3. Maximize DOL's federal buying power through effective procurement management; and

4. Safeguard fiscal integrity, and promote the effective and efficient use of resources.

This rule will assist the Department's implementation of its Enterprise-Wide Shared Services Initiative.

This rule is not an Executive Order 13771 regulatory action because this rule is not significant under Executive Order 12866.

II. Consideration of Comments

The Department will consider comment on issues related to this action. If the Department receives no significant adverse comment, the Department will publish a Federal Register document confirming the effective date of the DFR and withdrawing this companion Notice of Proposed Rulemaking (NPRM). Such confirmation may include minor stylistic or technical changes to the DFR. For the purpose of judicial review, the Department views the date of confirmation of the effective date of the DFR as the date of promulgation.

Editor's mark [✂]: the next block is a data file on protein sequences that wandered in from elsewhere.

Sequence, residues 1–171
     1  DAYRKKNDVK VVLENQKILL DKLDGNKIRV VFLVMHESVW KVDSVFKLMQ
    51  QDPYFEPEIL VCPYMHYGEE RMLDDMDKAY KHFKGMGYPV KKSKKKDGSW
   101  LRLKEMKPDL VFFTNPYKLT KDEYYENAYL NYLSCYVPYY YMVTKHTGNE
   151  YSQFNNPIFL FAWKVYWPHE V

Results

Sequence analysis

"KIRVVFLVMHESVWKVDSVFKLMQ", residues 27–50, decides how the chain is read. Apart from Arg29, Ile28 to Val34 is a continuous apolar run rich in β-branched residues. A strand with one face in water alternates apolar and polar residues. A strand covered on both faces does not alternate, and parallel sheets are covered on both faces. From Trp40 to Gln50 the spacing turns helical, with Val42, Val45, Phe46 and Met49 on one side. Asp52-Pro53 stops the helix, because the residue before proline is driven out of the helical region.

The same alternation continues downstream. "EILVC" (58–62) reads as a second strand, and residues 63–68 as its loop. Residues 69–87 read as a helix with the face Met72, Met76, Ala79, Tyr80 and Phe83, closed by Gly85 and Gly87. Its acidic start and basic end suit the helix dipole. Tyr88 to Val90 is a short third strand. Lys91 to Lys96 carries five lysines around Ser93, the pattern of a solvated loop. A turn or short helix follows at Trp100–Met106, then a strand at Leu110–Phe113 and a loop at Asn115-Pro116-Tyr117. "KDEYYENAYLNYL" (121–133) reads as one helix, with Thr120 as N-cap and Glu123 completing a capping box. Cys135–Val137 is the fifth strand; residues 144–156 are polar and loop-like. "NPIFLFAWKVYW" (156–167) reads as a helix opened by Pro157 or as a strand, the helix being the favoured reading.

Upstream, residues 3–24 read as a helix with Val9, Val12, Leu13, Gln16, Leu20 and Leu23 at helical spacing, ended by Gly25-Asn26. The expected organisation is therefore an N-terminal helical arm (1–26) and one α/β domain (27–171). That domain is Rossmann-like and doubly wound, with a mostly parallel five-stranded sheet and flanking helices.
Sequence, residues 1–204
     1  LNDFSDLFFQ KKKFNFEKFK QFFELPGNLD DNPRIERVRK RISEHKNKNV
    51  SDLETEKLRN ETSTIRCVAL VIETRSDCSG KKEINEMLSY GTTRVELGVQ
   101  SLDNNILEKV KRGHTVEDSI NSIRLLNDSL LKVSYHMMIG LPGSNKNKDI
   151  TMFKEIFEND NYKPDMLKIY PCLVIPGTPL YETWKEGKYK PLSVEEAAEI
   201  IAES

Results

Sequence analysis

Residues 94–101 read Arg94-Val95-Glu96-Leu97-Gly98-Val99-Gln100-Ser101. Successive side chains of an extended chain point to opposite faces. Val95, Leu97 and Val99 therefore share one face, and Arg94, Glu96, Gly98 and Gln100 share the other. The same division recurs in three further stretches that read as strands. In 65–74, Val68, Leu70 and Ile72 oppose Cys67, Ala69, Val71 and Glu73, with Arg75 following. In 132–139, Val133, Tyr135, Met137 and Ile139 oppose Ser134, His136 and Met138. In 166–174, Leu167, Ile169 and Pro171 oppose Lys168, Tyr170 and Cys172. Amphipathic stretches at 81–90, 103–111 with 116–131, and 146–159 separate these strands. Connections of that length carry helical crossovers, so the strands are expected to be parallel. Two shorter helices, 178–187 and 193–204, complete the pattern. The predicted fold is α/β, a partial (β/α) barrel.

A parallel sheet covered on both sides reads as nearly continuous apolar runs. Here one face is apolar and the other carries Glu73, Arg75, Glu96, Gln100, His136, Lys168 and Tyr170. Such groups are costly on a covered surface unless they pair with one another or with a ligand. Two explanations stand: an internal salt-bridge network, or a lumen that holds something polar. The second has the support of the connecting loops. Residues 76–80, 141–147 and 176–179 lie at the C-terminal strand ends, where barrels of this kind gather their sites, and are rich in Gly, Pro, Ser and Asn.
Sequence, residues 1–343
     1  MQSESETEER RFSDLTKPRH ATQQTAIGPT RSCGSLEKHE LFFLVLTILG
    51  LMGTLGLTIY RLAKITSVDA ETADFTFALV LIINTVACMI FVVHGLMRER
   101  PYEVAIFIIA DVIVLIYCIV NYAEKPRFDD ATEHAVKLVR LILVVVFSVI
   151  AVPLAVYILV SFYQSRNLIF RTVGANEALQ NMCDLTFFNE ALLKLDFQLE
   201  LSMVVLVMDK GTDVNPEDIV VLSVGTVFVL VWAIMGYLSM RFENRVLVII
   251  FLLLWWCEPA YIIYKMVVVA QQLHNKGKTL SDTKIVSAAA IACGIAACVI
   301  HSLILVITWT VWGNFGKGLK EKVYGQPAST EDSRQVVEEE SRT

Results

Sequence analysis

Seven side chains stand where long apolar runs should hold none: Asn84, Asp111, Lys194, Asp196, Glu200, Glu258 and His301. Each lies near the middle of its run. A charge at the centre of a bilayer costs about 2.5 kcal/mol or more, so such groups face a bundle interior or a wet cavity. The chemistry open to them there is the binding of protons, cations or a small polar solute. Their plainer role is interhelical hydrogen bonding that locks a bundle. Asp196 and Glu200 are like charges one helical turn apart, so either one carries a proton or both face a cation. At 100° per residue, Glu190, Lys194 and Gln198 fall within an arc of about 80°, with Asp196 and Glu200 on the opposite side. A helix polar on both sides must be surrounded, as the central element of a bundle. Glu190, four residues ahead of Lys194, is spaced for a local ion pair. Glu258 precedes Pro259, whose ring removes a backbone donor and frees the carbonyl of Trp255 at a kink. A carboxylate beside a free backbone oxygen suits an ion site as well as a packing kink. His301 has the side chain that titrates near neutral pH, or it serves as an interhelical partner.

III. Direct Final Rulemaking

In direct final rulemaking, an agency publishes a DFR in the Federal Register, with a statement that the rule will go into effect unless the agency receives significant adverse comment within a specified period. The agency may publish an identical concurrent NPRM. If the agency receives no significant adverse comment in response to the DFR, the rule goes into effect. The Department plans to confirm the effective date of a DFR through a separate Federal Register document. If the agency receives a significant adverse comment, the agency will withdraw the DFR and treats such comment as a response to the NPRM. An agency typically uses direct final rulemaking when an agency anticipates that a rule will not be controversial.

For purposes of this DFR, a significant adverse comment is one that explains why the amendments to the regulatory provisions identified below would be inappropriate. In determining whether a comment necessitates withdrawal of the DFR, the Department will consider whether the comment raises an issue serious enough to warrant a substantive response. The Department will not consider a comment recommending an additional amendment to this regulation to be a significant adverse comment unless the comment states why the DFR would be ineffective without the addition.